So, lets start by talking about diet. For me and my goals, I have to make sure that I keep my body fat levels low, whilst maintaining or increasing muscle mass. At the start of my winter training, I am probably around about 12% body fat. My first goal is to get this down to around 7.5% by Christmas. The next step after that is to maintain this level of body fat throughout the competition season. To achieve this, I usually go for a low-carbohydrate diet approach, probably around about 3.5g of carbohydrate per kilogram of bodyweight, so for me that is around 300g per day. I get this mostly in the form of low-GI carbohydrates, except directly after training. The low GI carbs that I base most of my diet around are porridge oats, fruits, wholemeal pitta bread, and sweet potato. Low-GI carbohydrates are useful as they disrupt blood sugar levels less than high sugar forms of carbohydrate.

I also try to include as many “healthy” foods in my diet as possible. This is to increase my exposure to phytochemicals, which are naturally occurring substances on foods that are good for health. This means eating a large variety of fruit and vegetables. I either eat these raw, or steamed, in order to preserve the natural substances. It is also important to eat a large amount of vegetables as these are mostly alkaline, and help offset the acidic effect of proteins.

Protein also plays a large part in my diet. It is important for growth and repair, as well as hormonal reasons. I try to get my protein in the form of low-fat produce, which I mostly eggs, chicken, fish, lean cuts of beef, and various protein powders. I try to eat at least one serving of fish every day, due to the health benefits of fish oils. I get quite a lot of my daily fat intake from these fish oils, along with various nuts that I snack on throughout the day.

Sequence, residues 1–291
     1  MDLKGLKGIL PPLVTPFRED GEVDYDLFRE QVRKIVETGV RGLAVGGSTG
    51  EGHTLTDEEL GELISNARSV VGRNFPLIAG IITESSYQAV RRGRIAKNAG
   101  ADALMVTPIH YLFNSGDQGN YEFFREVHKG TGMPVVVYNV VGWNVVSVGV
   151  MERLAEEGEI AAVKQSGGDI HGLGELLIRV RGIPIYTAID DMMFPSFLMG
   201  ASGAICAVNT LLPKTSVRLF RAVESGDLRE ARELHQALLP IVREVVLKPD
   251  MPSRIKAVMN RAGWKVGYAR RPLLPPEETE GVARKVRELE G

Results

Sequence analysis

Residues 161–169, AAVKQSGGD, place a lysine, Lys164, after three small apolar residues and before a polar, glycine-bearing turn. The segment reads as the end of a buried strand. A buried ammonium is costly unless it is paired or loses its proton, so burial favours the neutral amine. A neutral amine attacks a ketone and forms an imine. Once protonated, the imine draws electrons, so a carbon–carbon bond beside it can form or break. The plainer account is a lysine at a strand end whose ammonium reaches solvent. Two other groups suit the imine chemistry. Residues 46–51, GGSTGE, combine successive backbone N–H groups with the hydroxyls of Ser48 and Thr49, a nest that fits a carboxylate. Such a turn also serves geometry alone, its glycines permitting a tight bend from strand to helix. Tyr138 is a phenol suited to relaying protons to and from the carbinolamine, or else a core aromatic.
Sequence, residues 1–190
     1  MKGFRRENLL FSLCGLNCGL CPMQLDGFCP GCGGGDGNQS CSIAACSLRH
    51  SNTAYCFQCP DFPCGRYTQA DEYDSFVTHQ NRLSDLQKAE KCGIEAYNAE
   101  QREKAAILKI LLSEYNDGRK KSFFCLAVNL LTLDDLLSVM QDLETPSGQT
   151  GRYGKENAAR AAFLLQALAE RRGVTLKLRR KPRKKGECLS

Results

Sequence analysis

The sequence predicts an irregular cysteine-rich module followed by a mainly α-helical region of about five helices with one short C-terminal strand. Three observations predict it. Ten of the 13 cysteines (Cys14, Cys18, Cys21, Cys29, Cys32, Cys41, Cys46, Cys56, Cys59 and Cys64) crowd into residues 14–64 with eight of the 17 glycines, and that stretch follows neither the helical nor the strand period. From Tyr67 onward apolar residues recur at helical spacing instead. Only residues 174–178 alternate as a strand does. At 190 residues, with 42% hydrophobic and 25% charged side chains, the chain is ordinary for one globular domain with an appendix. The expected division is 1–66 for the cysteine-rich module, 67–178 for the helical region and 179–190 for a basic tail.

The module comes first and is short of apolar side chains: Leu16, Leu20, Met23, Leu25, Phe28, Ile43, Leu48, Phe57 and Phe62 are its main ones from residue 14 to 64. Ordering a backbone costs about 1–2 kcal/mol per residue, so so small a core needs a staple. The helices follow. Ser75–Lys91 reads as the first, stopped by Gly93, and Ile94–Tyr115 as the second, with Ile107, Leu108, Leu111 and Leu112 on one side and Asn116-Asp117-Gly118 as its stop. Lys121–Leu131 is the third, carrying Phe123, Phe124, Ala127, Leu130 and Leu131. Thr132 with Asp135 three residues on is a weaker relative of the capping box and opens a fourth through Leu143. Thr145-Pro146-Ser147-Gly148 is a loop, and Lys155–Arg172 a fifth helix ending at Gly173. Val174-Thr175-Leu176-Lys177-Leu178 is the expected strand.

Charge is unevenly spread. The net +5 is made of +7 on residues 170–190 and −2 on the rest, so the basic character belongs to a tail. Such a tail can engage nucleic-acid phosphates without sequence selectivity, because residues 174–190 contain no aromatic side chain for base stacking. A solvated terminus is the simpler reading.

I have recently switched to buying organic milk, as opposed to normal milk. I did this in an effort to reduce the levels of synthetic hormones and antibiotics that I was taking in from my diet. Where cost allows, I make an effort to buy other organic products, especially when it comes to meats and eggs.

The composition of my meals is as follows: 1 x protein source (this is around 30g of pure protein, i.e. 200g chicken or 150g beef), 1 x carb source (this is somewhere between 30g and 60g of carbs, e.g. 40g porridge, 100g sweet potato) plus “free foods” (vegetables, low-calorie fruits, etc.). I also have three snacks per day, which might be something simple like a protein shake, or a bit more substantial like fruit and a yoghurt.

If you are looking for further information on this subject, Patrick Holford's book “The Optimum Nutrition Bible” is very good, and has been a big influence on how I set up my diet. If you have any questions, please post them in the reply section and I will try to answer them all.

Part 2 of this blog will look at the general supplements that I take. Part 3 will look at the sport specific supplements, and Part 4 will put everything together, and I will show you my diet plan. Part 5 will look at special circumstances, such as race day nutrition, and areas where I want to experiment with my diet further.

Thursday, 6 January 2011

Warm Weather Training

Yesterday I arrived in Stellenbosch, South Africa, for a 3 week period of warm weather training. I have been looking forward to this for ages - my coach will finally let me a) Start running quick, and b) have more recovery!

Interesting flight over, where I somehow got upgraded to Premium Economy. It was really nice, a lot more comfortable than normal economy. I even managed a good 5 hours sleep, and watched 3 good films.

Warm weather training is useful as it allows you to focus completely on training, without any distractions, such as washing up, cooking, seeing friends, household chores, etc. Its also really motivating, as it puts you in a high-performance environment with plenty of other like minded athletes. You can also get good quality rest, as again there are no distractions.

So, my plans for the next 3 weeks are to train hard, get some good quality physio, get some good quality rest, and have a really good quality diet, and hopefully that will stand me in good stead for the indoor season!